Gov. Blunt's office refused to comment.


. Missouri House gives preliminary approval to a bill that would require voters to show ID (05/07/2008)

The Missouri House voted to perfect a bill that would require Missourians to show a valid photo ID when they vote in elections.

Republicans say that the legislation is common sense for the franchise of voters, but Democrats disagree and claim the potential legislation would alienate the elderly and African-Americans.


. Missouri legislators send Bombardier legislation to Gov. Blunt. (05/07/2008)

Missouri lawmakers passed a bill that would allow a state incentive for a Canadian aircraft company to land in the Kansas City area. Now it's on the governor's desk.

This would also offer a tax break for Boeing, another Missouri aircraft company.

Legislators say this could bring 2,100 jobs to Missouri.


. Missouri's House votes to provide Missourians more rights with ID thefts. (05/06/2008)

Victims of identity theft in Missouri may have one more tool in protecting themselves from credit fraud.

The Missouri Senate approved a bill that will give Missourians the right to a free security freeze of their credit score if they think someone has hijacked their private information.


. Blunt in trouble for ordering destruction of e-mails (05/06/2008)

Rep. Jeff Harris, D-Columbia, voiced his strong support for the lawsuit against Gov. Matt Blunt for ordering the destruction of e-mails and keeping them from being public records.

Attorney general candidate Harris says this lawsuit illustrates some serious problems of the current administration.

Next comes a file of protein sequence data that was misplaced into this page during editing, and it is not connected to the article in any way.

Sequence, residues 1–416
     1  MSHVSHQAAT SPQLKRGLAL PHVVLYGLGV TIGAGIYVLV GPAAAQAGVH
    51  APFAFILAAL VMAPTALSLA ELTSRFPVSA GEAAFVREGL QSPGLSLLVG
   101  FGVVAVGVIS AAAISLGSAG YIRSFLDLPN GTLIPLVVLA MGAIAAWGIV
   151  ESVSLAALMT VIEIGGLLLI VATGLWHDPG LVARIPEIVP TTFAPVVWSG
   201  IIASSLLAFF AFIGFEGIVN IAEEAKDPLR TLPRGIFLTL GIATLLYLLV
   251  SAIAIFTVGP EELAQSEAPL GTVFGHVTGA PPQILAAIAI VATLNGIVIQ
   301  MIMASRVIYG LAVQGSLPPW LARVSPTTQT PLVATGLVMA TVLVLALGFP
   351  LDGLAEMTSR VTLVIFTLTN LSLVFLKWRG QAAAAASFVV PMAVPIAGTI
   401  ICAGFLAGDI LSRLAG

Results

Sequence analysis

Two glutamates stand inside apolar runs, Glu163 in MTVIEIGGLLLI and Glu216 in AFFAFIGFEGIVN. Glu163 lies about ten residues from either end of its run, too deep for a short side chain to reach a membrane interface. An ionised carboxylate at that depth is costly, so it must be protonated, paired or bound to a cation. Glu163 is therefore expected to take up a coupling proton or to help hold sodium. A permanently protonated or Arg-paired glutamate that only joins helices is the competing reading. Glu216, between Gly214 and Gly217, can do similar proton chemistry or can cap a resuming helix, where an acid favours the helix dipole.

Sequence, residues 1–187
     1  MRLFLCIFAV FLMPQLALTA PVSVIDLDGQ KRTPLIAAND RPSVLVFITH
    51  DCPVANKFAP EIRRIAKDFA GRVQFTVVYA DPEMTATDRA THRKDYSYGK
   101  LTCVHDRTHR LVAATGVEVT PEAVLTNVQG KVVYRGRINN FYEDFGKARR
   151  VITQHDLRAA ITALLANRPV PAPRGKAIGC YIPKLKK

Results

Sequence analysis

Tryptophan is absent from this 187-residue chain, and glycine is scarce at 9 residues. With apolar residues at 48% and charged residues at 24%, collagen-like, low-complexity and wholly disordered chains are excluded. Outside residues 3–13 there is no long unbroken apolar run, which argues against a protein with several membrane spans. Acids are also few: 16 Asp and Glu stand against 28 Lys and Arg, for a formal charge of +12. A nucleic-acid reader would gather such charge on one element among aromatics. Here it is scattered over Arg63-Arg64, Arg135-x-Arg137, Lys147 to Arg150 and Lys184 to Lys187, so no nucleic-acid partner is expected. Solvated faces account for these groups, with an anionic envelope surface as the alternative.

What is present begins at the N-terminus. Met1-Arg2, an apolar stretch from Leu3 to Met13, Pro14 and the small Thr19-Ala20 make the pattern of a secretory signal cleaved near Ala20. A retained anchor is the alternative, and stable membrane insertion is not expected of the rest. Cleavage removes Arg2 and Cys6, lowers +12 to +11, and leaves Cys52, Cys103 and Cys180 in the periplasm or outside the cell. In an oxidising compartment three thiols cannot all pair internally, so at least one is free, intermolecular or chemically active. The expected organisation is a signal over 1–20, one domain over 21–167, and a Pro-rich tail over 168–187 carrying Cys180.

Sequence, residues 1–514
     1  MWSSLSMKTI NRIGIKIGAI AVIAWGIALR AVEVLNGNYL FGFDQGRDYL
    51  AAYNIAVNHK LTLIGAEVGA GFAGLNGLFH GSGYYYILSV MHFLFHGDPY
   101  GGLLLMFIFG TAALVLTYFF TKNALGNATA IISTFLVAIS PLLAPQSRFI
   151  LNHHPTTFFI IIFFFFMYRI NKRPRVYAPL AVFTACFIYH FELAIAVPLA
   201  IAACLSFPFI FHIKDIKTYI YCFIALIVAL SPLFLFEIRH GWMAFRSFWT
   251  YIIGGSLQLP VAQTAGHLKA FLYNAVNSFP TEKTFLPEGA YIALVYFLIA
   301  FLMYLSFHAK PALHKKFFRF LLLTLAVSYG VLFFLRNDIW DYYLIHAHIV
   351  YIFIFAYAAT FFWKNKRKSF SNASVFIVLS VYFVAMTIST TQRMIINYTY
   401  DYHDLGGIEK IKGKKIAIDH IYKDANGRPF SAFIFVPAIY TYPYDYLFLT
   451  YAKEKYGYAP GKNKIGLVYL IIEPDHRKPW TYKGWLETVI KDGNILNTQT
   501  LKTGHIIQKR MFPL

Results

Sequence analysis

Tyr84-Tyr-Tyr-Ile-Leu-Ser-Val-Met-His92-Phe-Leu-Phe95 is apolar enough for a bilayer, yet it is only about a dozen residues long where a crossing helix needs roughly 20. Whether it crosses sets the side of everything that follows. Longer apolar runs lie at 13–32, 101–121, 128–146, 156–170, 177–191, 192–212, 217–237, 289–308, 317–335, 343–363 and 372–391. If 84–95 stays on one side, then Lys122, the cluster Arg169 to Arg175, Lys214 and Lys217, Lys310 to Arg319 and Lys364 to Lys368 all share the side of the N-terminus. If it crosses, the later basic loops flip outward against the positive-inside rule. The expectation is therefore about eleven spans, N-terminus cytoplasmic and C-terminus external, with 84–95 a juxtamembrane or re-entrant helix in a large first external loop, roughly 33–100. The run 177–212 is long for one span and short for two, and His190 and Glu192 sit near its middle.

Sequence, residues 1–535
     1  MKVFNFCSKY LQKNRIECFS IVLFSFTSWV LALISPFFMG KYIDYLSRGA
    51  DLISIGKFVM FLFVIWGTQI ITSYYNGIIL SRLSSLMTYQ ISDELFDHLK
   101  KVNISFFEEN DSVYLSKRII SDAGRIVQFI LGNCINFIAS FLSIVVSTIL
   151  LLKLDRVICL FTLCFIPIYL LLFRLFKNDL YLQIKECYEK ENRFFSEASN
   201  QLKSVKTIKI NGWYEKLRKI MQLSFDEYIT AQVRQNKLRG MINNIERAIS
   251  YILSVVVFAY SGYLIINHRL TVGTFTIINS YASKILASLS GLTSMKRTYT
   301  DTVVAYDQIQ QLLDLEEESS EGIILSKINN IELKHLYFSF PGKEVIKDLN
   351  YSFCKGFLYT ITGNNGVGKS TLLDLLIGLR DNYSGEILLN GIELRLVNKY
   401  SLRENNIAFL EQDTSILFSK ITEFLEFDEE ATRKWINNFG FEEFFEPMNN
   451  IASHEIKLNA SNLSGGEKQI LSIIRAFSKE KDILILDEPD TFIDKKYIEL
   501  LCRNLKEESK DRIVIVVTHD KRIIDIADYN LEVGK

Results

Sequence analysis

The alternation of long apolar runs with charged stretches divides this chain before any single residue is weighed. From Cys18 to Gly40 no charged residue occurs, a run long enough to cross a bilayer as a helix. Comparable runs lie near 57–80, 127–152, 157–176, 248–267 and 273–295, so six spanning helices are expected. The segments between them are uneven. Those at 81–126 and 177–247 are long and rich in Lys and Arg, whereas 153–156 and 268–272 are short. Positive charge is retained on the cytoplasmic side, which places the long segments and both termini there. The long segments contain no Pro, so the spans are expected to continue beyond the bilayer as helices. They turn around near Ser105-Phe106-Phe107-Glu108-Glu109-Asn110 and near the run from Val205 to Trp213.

. House committee won't vote on Insure Missouri until hospitals sign off on regulation changes (05/06/2008)

Gov. Matt Blunt's Insure Missouri plan for expanding government-funded health care has become a hostage in a fight about government regulation of medical facility expansion.

Despite its 30-4 passage in the Senate, Insure Missouri is lingering in a House committee as the committee's chair, Rep. Rob Schaaf, R-St. Joseph, refuses to bring the bill to the floor until the Missouri Hospital Association accepts changes in the "Certificate of Need" law, a state law that regulates construction and expansion of medical facilities.


. The attorney general sues the governor's office. (05/05/2008)

The lawsuit was filed by a task force appointed by the attorney general to investigate electronic record destruction by the governor's staff.

The St. Louis Post-Dispatch reported Tuesday that the lawsuit charges top staff of the governor had ordered various state officials to destroy e-mail records in violation of the law.

A former attorney for the governor's staff has made a similar allegation in a private lawsuit he has filed.


. Telecommunication deregulation bill sent to Missouri governor (05/05/2008)

The Missouri House voted that a bill that would partially deregulate state telecommunication companies be sent to the governor's office for final approval.

Republican Rep. Ed Emery, the bill's sponsor, says deregulation will provide more competition in rural areas in need of better telecommunication services.

Some Democrats disagree, however, and say that deregulation will lead to companies raising prices in rural areas, defeating the purpose of the bill.


. Four groups met Sunday's petition submission deadline (05/05/2008)

Missouri Citizens for Property Rights submitted two petitions for constitutional amendments that would restrict the use of eminent domain by both governmental and private entities.

Groups also delivered petitions for initiatives that would create a Missouri Quality Home Care Council and require utilities companies to generate 2 percent of sales from renewable energy by 2011.

Troy Stremming of Ameristar Casinos Inc. submitted a petition to repeal the cap on gambling losses, stop construction of new casinos and create an education fund supported by the gambling tax.